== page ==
There is no denying Daniel Murphy of the New York Mets is a hot hitter. Everyone in the baseball world knows that this 30-year old second baseman has homered in six consecutive post-season games and gone yard seven times since the start of their division series versus the Los Angeles Dodgers.
One of the major story lines for Game One of the World Series, which begins Tuesday, concerns whether he can knock it out of the park for a seventh consecutive game. To some, the winner of the game is secondary.
Perhaps the story wouldn’t seem so unbelievable if this was someone who was one of the best players in baseball this past season. Murphy is a career .288 hitter who has never exceeded 14 home runs in the regular season and only has 62 round-trippers during his seven year career.
It’s not like Murphy has the regular season pedigree of his “D-Murph” namesake in former Atlanta Braves superstar, Dale Murphy. That “D-Murph” was arguably the best player of the 1980s, and definitely the best player in baseball between 1982-1987. That Murphy was league MVP in both 1982-1983, led the league in homers the following two years, was voted the most feared hitter in the league by opposing pitchers in 1985, and set a single season career high in homers in 1987. He had no peers.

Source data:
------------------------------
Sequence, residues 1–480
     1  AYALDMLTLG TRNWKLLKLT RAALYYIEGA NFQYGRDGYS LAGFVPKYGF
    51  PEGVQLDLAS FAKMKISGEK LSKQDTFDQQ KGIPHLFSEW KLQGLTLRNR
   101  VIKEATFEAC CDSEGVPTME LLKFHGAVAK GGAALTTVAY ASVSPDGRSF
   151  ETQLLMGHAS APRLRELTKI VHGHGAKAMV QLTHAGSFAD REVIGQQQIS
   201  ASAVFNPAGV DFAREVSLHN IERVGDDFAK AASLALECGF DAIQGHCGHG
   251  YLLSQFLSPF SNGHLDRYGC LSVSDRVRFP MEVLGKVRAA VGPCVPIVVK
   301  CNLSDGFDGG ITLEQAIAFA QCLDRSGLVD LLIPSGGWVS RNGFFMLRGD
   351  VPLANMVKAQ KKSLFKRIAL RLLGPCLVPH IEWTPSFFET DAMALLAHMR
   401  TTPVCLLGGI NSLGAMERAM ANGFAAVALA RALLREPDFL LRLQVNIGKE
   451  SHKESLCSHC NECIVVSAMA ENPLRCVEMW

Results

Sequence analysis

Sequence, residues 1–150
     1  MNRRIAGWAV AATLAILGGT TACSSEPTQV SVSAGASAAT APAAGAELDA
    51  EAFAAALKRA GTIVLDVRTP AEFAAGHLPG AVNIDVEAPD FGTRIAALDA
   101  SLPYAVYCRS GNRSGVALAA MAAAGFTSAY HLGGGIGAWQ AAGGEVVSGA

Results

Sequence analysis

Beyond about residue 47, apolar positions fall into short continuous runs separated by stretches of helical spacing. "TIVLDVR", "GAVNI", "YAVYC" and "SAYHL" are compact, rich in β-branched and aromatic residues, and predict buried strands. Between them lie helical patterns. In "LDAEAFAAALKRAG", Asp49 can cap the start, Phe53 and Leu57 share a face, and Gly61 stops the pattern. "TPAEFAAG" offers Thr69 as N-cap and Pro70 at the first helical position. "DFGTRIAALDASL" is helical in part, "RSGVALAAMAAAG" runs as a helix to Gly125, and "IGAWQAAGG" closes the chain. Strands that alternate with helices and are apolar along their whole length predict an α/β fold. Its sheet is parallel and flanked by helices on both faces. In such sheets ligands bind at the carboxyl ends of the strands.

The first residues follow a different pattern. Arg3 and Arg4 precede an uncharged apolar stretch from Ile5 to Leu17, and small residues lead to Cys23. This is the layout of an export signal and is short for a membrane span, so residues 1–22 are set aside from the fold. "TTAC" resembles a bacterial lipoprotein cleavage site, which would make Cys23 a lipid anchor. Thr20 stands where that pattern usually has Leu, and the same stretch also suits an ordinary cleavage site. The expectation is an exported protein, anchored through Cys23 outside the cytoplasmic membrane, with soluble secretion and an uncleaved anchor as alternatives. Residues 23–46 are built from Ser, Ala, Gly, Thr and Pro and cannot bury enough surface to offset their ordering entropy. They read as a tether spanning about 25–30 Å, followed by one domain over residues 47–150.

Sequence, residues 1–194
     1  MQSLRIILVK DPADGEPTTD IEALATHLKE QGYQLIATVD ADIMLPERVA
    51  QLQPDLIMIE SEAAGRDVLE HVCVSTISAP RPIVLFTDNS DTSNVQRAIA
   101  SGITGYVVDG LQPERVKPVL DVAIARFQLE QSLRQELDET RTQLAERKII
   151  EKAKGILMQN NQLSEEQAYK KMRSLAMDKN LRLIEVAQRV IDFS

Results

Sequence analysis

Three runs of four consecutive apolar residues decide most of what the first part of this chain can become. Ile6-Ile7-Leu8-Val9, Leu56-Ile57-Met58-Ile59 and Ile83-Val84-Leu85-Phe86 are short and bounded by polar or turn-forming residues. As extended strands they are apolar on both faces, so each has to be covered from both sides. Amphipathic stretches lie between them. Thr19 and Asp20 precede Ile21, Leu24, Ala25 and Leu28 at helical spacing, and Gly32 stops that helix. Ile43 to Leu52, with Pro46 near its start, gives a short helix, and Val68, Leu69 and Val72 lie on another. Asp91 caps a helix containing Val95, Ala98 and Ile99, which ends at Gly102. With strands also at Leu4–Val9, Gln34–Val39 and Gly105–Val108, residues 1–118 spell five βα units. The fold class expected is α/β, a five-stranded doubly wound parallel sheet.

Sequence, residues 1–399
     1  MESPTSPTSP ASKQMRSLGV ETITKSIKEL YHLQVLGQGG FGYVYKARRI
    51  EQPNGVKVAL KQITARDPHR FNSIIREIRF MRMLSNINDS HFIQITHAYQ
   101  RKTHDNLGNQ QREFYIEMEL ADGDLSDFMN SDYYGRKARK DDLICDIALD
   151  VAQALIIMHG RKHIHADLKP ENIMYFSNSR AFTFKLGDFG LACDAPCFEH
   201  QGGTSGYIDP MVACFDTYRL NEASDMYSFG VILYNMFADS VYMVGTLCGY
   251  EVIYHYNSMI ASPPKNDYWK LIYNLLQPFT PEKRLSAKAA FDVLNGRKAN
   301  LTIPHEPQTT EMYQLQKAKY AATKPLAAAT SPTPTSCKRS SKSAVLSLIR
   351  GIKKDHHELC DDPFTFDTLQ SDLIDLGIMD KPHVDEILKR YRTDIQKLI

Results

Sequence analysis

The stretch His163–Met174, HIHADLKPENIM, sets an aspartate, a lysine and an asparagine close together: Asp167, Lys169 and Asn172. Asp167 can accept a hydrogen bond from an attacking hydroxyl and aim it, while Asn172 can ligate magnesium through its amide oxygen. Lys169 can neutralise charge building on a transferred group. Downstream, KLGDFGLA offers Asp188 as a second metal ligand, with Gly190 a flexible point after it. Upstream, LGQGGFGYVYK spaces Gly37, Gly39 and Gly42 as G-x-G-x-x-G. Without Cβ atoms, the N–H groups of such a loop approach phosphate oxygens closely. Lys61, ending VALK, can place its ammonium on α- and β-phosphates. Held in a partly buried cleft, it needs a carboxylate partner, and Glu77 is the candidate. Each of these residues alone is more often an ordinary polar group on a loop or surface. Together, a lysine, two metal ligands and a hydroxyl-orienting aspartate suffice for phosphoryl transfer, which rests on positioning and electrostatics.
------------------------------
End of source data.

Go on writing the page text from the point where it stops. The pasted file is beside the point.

Dale Murphy’s greatness was so definite that we even wrote a song about him. If Daniel Murphy keeps it up and the Mets win the World Series, then a song should be recorded about him, too.
For now, we’ll simply offer a Daniel Murphy poem:
Daniel Murphy hits bombs each and every day,
Whenever the New York Mets have a post-season game to play,
He’s in a zone and nobody’s as hot as he,
It’s almost as if he’s hitting off a tee,
Can the Royals stop him? We’re about to find out.
If they can’t, their World Series chances are in doubt.
Which is better, our Dale Murphy song or Daniel Murphy poem?